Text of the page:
The vast majority of mobile applications are being developed for Apple's iOS platform -- and the percentage is rising. That's the takeaway from a new report by Flurry Analytics, which shows that the number of app project starts for Google's Android is less than half those for iOS.
The report found that 69 percent of application development projects in the first quarter of this year were for Apple's OS, and 31 percent for Android. The percentage of apps for iOS has increased by 6 percent from the same period last year.
Android's percentage has also increased slightly, topping 30 percent for the first time in this new report. The previous high-level mark for Android in Flurry's reports was 27 percent last quarter. In the last five quarters, about 63 percent to 75 percent of application project starts have been for iOS.
The findings come as developers for the two platforms head out later this month to their respective annual developer conferences -- the Apple Worldwide Developer Conference and Google I/O.
Flurry Analytics provides several reasons for Apple's huge advantage in app development. First, iOS apps work on both iPhone and iPads.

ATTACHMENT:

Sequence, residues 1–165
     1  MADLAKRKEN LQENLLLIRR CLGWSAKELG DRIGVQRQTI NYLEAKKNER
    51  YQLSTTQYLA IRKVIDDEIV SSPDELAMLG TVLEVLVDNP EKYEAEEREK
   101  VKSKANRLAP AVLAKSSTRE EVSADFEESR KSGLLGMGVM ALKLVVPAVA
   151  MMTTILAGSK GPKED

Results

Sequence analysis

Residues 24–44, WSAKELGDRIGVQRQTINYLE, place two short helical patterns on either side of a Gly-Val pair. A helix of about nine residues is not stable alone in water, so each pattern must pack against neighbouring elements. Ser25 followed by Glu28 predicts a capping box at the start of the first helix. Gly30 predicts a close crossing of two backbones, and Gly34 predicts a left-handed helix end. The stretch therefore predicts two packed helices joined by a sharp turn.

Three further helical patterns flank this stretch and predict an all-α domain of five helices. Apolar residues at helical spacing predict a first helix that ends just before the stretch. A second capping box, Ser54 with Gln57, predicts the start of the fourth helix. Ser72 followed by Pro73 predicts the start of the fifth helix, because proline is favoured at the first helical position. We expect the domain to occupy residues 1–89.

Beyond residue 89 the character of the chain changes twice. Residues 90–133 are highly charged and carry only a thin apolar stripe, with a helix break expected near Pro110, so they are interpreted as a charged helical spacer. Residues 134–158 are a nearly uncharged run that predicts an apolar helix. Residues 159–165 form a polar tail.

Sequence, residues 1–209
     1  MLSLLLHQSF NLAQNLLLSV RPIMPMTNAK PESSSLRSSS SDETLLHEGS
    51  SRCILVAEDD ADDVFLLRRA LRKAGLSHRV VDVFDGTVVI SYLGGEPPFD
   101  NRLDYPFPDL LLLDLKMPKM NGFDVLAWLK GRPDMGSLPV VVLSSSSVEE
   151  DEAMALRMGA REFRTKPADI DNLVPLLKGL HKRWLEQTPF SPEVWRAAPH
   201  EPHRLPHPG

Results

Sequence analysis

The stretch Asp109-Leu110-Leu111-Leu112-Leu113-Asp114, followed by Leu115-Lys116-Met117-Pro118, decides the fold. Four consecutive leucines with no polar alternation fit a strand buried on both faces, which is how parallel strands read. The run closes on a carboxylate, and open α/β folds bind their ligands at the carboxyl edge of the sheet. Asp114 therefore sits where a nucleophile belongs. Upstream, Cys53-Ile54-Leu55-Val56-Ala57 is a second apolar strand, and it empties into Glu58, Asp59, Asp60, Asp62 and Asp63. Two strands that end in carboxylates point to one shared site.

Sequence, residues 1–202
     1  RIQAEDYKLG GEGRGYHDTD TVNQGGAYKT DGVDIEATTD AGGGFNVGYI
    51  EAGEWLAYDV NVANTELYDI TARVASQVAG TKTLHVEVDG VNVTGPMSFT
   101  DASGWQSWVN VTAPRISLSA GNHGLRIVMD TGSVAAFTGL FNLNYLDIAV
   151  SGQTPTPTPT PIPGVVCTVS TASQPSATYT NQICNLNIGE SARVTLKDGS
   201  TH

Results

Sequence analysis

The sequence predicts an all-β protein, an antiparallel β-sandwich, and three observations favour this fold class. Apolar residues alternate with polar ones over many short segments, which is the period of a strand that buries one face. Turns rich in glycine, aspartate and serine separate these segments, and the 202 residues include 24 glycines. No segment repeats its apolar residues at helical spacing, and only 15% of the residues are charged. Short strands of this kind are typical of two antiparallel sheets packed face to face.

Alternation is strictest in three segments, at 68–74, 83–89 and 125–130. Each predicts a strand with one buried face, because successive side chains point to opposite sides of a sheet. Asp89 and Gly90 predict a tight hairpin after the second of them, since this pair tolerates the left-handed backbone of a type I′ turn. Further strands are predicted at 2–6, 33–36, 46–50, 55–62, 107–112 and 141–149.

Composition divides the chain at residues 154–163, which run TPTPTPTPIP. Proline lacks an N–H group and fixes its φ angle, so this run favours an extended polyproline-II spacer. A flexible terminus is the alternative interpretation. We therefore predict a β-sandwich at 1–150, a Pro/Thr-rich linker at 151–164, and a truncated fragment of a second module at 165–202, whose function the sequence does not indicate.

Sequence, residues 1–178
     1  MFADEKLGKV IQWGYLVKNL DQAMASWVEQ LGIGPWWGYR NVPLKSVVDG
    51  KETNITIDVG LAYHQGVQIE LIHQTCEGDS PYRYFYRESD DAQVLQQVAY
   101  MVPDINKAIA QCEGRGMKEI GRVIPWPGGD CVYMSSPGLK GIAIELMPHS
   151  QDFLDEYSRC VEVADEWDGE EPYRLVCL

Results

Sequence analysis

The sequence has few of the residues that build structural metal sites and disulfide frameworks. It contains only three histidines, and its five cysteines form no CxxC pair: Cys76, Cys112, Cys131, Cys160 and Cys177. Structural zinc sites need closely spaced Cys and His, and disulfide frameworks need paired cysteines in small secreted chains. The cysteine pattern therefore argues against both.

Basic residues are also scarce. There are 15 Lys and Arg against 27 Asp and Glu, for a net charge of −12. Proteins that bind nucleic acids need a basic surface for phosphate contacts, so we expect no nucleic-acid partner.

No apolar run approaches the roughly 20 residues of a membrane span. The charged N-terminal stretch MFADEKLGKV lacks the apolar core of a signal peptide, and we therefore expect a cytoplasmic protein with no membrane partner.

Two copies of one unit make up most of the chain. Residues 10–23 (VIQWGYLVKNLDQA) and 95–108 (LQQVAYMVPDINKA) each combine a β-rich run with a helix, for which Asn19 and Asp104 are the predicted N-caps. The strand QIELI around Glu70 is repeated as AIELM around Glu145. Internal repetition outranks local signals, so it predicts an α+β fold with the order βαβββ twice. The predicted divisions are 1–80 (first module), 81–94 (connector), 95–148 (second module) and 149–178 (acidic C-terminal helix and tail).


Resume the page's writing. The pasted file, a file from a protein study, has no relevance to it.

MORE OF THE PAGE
"Apple offers the most compelling 'build once, run anywhere' value proposition in the market today, delivering maximum consumer reach to developers for minimal cost," Flurry said
And, of course, the iPad remains overwhelmingly dominant in the tablet category. Flurry's analysis shows the iPad with 88 percent of the market. The Samsung Galaxy Tab takes a distant second at 9 percent, with Amazon's Kindle Fire at 3 percent.
There's also the fragmentation in the Android market, which Flurry predicts will increase because of device and firmware differences.
In terms of devices, the company noted that 17 of the top 20 Android handsets have market shares of 6 percent or less, and there is no major Android tablet competitor to the iPad.
As for firmware, seven different versions of Android have been measured by Flurry, with 70 percent running the third most recent release, Gingerbread. The bottom line, the company said, is that "the majority of consumers are running on an Android operating system that is three or four iterations old."
This disparate market situation for Android may change in the coming year, as Google moves to modify its previous pattern of partnering initially with one manufacturer when there's a new Android release. Now, Google is expected to work with several manufacturers simultaneously, perhaps as many as five or six, to release new models containing an updated version of the OS. (continued...)